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South American Flowers??

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sarie_j

Shiny_Rock
Joined
Jan 15, 2007
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130
Hi everyone -- I just posted myself into the BIW list, getting married in May and had been kinda blah about everything until like 2 days ago and now I''m all giggly and excited and trying to figure out everything at once lol - I just wondered if anyone on here had ever ordered flowers from one of the wholesalers and did their own arrangements? I have found a company I like and everything I''ve read has been good, but I have got tons of warnings about having to ''prepare'' the flowers and have no idea as to what that entails... Anyone out there tried this and if so what was involved?? My brother has been a party planner for years and I work at the hotel where we''re having the reception so unlimited access to the floral coolers and all the bits and pieces to arrange them with, just a little worried about what I''m actually going to get. Any info would be awesome, the more I read the more I realize that you guys know everything!!!
 

Trelala

Shiny_Rock
Joined
Jul 12, 2006
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138
At my friend''s June 2005 wedding, we got a bunch of flowers at the San Francisco flower market on Friday. My friend had prepared 5 buckets filled with cold water. When we got home, we recut the flowers (mostly roses, dahlias and greenery) then left them in the buckets. Oh, the buckets were placed in the coolest room in the house. IF you have fridge space, go ahead and place them there.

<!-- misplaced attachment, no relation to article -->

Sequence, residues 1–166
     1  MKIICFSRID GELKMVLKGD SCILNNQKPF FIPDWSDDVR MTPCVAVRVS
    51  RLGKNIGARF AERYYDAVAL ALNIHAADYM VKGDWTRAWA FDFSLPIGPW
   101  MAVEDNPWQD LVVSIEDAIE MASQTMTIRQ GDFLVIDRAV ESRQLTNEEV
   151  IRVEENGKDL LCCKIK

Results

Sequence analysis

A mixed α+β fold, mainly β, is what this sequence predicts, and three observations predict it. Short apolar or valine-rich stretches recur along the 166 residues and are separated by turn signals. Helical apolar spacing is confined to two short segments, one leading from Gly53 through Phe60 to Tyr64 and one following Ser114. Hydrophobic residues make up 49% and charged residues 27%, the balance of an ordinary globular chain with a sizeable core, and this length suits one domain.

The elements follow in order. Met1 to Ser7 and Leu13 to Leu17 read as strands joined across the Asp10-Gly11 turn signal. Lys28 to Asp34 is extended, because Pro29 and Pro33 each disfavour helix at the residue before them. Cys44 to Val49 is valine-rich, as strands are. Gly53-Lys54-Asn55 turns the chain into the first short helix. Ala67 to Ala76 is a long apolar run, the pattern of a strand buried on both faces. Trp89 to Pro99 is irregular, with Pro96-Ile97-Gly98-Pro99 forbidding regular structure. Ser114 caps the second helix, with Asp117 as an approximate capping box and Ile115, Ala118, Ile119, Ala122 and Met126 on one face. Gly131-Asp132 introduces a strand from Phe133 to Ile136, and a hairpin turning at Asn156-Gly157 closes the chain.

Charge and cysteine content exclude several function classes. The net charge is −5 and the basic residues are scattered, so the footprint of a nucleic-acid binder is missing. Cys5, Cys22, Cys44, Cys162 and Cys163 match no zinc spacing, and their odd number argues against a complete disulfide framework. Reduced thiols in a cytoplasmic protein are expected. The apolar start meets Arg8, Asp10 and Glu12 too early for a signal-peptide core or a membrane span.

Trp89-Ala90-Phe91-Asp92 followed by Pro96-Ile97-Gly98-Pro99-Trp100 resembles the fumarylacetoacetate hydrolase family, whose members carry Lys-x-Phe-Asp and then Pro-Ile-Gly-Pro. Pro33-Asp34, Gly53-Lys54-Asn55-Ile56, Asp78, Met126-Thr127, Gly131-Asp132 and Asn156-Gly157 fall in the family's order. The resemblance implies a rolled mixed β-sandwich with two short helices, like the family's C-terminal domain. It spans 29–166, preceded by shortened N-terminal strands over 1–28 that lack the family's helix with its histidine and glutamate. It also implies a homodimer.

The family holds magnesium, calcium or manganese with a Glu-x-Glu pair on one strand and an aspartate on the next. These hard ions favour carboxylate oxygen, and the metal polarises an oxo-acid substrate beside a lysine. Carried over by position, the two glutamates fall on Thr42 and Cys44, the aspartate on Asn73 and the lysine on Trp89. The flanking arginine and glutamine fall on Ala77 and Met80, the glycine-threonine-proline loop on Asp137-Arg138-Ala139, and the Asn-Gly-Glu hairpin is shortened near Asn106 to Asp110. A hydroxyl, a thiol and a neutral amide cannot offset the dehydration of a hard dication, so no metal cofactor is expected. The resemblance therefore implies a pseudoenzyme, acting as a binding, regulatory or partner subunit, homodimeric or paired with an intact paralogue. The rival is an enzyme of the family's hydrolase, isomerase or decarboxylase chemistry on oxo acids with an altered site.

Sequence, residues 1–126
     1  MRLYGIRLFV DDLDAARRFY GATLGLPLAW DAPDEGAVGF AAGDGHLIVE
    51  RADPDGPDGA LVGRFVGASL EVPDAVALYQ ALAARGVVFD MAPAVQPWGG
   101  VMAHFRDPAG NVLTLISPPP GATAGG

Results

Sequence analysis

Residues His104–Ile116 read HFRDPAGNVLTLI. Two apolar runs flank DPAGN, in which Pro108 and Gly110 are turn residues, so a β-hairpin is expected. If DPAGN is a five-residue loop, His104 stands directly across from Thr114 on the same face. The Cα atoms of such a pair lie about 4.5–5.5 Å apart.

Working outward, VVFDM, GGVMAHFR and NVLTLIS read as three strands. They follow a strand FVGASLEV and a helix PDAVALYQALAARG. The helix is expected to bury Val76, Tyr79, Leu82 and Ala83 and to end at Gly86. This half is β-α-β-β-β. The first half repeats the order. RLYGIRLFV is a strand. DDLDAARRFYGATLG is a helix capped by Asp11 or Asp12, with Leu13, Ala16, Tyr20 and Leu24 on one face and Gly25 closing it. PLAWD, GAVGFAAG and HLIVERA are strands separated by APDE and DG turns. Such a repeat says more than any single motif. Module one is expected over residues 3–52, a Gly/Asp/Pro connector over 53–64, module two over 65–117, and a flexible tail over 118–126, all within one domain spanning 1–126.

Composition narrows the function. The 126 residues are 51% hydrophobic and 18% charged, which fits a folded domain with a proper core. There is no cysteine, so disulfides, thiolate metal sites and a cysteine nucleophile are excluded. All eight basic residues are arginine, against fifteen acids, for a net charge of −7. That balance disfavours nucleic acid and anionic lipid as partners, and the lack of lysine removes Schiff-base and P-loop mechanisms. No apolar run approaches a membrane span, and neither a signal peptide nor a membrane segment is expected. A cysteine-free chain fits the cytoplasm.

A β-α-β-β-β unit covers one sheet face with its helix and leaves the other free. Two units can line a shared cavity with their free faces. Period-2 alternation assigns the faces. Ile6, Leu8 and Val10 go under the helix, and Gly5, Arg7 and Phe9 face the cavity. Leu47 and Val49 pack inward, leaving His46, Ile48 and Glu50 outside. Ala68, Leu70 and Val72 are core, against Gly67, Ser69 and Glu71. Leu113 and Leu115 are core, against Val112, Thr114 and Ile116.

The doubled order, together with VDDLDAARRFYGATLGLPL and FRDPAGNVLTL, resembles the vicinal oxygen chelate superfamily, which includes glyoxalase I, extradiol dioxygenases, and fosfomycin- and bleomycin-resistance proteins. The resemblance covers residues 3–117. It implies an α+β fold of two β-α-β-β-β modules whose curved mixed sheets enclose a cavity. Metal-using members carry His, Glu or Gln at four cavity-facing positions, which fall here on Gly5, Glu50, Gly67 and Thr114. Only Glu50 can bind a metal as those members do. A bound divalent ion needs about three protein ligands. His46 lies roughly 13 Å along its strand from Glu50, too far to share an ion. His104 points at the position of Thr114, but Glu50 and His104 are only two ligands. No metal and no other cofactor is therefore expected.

Saturday night, all the BMs got together and made their own bouquet. The bride provided flowers, floral tape, various ribbons, plant shears, drink and light snacks. Lots of fun. The bride already took a bouquet class at our local community college, so she taught us how to make our own bouquets. Quite simple, but then, we weren''t making a nything elaborate. She also made a bunch of boutonnieres. We brought our bouquets home in paper cups filled with water. I put mine in the fridge and brought it to the ceremony the next day.

I''d look into taking a flower arranging class, or checking out some books from your local library. You can also do a test bouquet and probably figure out everything from there.
 

sparkel

Shiny_Rock
Joined
Mar 22, 2006
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111
Hi Sarie,

I don''t chime in too much on PS but usually do on the flower questions. I have worked in a flower shop for over six years and have seen exactly what is involved in wedding flower prep. In my honest opinion its risky to do your own flowers if you have no experience. If you chose to go through a florist they always order extra flowers in case any of the ones for your wedding should fail where most DIY people don''t

Also depending on your choice of flowers some can be extremely tempermental and need very special care. (For example hydrangea will willt in a handtied bouquet). So you really need to do your research to understand how the flowers will perform. You also mention floral tape and things like that which you would use to bind corsages together etc. floral tape can be very tricky to use if you are not well practiced.